John O'Donoghue confirmed he will resign next week
The speaker of the lower house of the Irish parliament has announced that he will stand down next week.
John O'Donoghue has been dogged by allegations that he misused expenses both in his current office and previously as a government minister.
Pressure grew on Tuesday as two more opposition parties called for his resignation.
Labour leader Eamon Gilmore told the Irish parliament, the Dail, that he believed his position was untenable.
Records placed in the Dail library on Friday - the day of the Lisbon Treaty vote and 16 days after Mr O'Donoghue promised to reveal them as soon as possible - showed that in addition to his salary, he had claimed more than 200,000 euros in expenses over the past two years.
Mr O'Donoghue had come under increasing pressure over a series of revelations about his spending, including reports he had taken a limousine between two terminals at Heathrow Airport rather than the airport's free shuttle service, a three-minute journey.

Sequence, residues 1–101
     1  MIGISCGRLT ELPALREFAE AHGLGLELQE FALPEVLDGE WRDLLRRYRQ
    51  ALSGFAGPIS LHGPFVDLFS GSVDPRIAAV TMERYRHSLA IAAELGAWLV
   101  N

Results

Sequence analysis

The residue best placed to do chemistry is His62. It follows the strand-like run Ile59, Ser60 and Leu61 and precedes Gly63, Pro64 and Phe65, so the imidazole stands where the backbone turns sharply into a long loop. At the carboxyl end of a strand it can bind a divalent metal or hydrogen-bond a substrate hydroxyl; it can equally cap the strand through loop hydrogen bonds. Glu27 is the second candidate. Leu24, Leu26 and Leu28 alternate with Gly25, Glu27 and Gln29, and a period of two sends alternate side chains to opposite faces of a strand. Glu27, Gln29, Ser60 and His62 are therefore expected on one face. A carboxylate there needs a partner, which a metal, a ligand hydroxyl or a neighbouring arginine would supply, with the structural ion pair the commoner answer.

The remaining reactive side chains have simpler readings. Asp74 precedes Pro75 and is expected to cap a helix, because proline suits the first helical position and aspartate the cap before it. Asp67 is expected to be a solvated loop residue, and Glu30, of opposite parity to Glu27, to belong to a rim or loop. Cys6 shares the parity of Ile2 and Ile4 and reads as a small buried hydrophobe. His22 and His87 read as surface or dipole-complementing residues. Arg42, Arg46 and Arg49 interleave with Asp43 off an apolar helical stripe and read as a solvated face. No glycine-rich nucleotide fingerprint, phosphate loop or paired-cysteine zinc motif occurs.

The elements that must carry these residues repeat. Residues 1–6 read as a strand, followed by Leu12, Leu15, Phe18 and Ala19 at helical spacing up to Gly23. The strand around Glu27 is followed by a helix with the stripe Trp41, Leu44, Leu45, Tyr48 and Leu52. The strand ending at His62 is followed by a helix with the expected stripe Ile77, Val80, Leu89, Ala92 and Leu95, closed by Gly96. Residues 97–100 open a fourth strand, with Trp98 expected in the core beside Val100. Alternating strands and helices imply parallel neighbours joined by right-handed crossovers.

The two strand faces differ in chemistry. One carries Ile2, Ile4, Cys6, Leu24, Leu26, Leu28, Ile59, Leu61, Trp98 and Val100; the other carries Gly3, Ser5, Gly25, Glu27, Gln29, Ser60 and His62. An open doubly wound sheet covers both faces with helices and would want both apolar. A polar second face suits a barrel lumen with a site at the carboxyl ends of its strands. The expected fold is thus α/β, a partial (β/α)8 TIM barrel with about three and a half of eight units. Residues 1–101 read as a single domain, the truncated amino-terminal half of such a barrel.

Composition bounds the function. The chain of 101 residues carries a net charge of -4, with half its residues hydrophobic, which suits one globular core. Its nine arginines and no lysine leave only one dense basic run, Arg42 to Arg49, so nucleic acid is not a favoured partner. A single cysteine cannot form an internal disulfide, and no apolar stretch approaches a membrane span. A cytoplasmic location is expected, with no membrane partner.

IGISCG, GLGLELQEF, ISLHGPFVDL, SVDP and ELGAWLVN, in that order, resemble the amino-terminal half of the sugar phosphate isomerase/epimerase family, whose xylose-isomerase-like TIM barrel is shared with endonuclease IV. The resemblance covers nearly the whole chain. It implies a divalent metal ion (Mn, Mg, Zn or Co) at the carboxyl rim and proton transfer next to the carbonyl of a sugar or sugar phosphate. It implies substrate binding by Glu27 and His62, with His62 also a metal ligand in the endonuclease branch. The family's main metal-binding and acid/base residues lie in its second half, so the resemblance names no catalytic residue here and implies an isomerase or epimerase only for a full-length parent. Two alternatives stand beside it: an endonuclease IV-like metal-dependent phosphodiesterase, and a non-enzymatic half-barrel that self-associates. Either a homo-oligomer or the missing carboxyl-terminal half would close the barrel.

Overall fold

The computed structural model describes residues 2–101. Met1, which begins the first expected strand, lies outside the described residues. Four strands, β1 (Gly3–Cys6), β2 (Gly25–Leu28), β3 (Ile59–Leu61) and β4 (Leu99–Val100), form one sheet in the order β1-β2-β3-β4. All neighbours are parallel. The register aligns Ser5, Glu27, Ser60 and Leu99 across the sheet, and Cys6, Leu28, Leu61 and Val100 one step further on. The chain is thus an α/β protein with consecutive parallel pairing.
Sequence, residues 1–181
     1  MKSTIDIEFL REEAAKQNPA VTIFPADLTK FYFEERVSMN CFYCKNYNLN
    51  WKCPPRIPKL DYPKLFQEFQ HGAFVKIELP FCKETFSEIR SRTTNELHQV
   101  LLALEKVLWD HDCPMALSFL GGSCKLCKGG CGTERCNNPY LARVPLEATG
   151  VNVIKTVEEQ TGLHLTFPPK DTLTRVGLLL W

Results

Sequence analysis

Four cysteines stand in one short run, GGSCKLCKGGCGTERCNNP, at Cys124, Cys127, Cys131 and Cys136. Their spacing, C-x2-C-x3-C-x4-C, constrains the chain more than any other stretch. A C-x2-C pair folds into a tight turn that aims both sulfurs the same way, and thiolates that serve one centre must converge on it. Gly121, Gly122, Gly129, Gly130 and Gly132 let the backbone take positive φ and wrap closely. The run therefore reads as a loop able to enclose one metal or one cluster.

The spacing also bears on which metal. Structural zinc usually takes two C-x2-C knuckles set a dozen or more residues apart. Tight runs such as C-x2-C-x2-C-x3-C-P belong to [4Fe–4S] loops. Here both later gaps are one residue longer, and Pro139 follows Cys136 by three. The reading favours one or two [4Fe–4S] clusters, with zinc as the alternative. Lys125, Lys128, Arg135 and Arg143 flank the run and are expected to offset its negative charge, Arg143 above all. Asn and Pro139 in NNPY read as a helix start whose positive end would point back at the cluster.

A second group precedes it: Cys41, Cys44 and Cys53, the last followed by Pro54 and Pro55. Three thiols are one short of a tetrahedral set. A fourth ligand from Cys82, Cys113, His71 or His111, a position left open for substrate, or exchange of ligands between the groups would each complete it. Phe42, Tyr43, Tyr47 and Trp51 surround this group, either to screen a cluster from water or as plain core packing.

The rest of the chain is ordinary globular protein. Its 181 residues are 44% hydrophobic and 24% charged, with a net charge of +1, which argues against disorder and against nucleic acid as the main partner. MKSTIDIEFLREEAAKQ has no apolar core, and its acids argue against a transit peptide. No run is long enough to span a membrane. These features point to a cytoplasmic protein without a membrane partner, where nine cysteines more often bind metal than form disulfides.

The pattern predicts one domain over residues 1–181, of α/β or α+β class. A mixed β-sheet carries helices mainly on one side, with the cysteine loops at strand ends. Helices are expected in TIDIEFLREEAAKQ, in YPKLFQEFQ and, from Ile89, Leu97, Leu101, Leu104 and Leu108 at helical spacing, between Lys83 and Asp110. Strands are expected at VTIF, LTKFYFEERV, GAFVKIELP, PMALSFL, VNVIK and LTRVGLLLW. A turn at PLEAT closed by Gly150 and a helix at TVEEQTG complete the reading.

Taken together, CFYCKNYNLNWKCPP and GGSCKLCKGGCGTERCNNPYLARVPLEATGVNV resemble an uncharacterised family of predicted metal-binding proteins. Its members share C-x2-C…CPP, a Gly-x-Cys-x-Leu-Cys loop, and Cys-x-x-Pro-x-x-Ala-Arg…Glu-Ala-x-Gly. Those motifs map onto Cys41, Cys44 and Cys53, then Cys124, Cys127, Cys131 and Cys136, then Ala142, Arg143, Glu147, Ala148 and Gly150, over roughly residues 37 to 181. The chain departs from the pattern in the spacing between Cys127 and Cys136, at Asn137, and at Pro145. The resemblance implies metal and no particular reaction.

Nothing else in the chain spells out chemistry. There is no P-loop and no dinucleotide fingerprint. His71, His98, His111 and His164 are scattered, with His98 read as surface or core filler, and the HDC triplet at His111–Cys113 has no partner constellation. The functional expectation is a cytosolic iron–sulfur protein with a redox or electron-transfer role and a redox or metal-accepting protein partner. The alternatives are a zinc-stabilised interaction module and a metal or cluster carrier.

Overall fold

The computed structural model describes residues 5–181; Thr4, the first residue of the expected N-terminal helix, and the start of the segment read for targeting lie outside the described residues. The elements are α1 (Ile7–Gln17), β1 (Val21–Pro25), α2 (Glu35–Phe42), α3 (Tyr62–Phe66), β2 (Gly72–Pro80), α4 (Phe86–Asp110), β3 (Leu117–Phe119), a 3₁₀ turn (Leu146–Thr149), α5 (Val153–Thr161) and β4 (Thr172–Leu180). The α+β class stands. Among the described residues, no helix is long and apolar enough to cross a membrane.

The Fianna Fail TD incurred 90,000 euros in foreign travel expenses since becoming speaker, or Ceann Comhairle, in June 2007, and spent more than half a million euros on travel while minister for tourism between 2002 and 2007.
He employed 10 people in his office, seven more than his predecessor.
Although the office of Ceann Comhairle is supposed to be politically impartial, he employed a political adviser who was earning a reported 100,000 euros a year.
Mr O'Donoghue is the speaker of the Irish parliament, the Dail.
Mr Gilmore said his spending revealed an unacceptable "pattern of extravagance".
"I think you will either have to resign or be removed from office," he told Mr O'Donoghue.
That stance was backed by the largest opposition party, Fine Gael.
After negotiations between parliamentary whips, Mr O'Donoghue made a statement at 2230 BST on Tuesday.
He confirmed that he will resign next week, when he will make a statement to the Dail.
However, it is not yet known whether this will be soon enough for those who have called for his resignation.
Taoiseach Brian Cowen said he respected Mr O'Donoghue's right to make a statement to parliament.
The Fianna Fail leader said Mr O'Donoghue had been a most effective and fair Ceann Comhairle who had "acted with commitment and integrity".